1 Abraham was a single individual, not a nation. The purpose of the creation of the universe was so that there would be at a minimum a large group of people [i.e. a nation] that worship G-d by observing His Torah. Ideally, all of mankind would do so. In lieu of that, at a minimum, an entire nation must serve G-d. Abraham could not receive the Torah because it was intended for the entire nation. It was not until Moses’ time when the Jewish people were no longer just a large extended family but totaled in the millions, that they would constitute a critical mass large enough to receive the Torah.
2 Although he was not actually given the Torah, the Talmud tells us that Abraham intuited its ideas and observed them meticulously. Not only did he observe what later were explicit commandments, but he even observed rabbinic stringencies that were only enacted many years later. His son Isaac, and grandson Jacob did likewise. Thus, his lack of having been given the Torah should not be understood in any way as a taint on his record.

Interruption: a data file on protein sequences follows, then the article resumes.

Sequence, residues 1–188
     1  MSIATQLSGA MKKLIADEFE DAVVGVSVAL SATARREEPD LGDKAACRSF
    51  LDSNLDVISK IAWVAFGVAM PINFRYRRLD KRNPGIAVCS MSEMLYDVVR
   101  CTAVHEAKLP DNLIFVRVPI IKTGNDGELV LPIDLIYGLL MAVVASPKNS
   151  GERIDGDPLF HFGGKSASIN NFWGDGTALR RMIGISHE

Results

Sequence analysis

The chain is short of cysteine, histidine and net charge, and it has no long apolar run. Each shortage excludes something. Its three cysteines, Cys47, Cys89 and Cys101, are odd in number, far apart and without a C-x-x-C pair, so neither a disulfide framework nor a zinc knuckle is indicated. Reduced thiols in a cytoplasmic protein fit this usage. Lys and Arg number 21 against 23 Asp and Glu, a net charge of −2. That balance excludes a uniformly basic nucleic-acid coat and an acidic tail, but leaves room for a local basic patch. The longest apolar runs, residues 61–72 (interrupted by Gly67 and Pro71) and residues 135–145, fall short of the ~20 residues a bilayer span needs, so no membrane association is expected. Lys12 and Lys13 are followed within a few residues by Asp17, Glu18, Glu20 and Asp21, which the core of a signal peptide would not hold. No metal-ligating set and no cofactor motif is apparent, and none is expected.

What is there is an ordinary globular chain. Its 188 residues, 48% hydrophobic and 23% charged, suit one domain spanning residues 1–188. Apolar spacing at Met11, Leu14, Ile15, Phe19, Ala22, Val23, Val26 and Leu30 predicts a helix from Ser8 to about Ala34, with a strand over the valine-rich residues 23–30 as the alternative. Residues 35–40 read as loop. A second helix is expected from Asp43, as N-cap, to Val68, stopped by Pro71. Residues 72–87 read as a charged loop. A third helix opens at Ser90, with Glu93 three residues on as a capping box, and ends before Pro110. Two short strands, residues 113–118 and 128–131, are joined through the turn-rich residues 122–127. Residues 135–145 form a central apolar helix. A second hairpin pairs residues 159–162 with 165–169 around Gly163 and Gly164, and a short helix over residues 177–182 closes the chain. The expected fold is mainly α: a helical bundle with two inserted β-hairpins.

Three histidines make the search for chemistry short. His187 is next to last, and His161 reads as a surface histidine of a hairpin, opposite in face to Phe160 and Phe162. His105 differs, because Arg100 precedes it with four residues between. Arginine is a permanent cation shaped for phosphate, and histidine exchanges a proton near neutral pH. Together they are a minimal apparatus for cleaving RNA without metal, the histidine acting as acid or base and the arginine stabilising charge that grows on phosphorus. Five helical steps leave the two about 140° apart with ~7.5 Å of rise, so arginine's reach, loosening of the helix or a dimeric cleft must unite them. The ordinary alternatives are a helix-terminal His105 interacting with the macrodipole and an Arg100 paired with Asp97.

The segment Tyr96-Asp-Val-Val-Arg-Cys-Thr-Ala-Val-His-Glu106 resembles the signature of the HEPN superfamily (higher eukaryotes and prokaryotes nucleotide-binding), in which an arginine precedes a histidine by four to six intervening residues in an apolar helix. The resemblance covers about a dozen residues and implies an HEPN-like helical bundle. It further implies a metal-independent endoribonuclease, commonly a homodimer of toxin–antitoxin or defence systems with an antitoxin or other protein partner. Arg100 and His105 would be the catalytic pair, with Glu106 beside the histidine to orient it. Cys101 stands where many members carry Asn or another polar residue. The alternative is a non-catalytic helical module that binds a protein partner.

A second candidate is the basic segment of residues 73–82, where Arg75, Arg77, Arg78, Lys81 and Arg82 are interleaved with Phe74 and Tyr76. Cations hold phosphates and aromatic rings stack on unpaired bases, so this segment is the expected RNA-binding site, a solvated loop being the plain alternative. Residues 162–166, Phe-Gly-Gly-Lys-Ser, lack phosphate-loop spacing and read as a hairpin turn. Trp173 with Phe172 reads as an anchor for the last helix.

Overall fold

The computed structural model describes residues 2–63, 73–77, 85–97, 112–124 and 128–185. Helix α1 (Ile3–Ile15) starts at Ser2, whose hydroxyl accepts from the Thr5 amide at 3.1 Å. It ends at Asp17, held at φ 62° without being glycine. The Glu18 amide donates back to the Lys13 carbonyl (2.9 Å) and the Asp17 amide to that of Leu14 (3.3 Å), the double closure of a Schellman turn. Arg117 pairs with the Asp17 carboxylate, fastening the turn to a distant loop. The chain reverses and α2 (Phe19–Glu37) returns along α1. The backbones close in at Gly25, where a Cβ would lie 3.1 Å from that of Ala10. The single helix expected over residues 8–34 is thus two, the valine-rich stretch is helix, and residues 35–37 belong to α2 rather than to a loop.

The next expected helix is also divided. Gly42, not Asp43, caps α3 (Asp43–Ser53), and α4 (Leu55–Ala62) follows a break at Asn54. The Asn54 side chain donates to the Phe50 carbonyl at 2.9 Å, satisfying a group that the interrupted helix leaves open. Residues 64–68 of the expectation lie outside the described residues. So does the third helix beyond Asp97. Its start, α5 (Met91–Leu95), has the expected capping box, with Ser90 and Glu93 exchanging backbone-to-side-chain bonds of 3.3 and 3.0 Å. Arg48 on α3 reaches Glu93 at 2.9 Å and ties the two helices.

3 The Torah contains a wide variety of mitzvot, some applicable only to men, some to women, and some to both. Some apply only to a Kohen, some only to a Levi, and some only to a Yisrael. Some apply only to people who live in the land of Israel, while others are universal. In sum, one person cannot possibly observe all of the mitzvot in a technical sense. For that, a large body of diverse people is needed. As an individual, Abraham was not in a position to accept the entire Torah, only those aspects of it that were relevant to his personal life. Thus, it was necessary to wait until such time as it was feasible for the entire Torah to be accepted jointly by the entire nation. This did not occur until Moses’ time.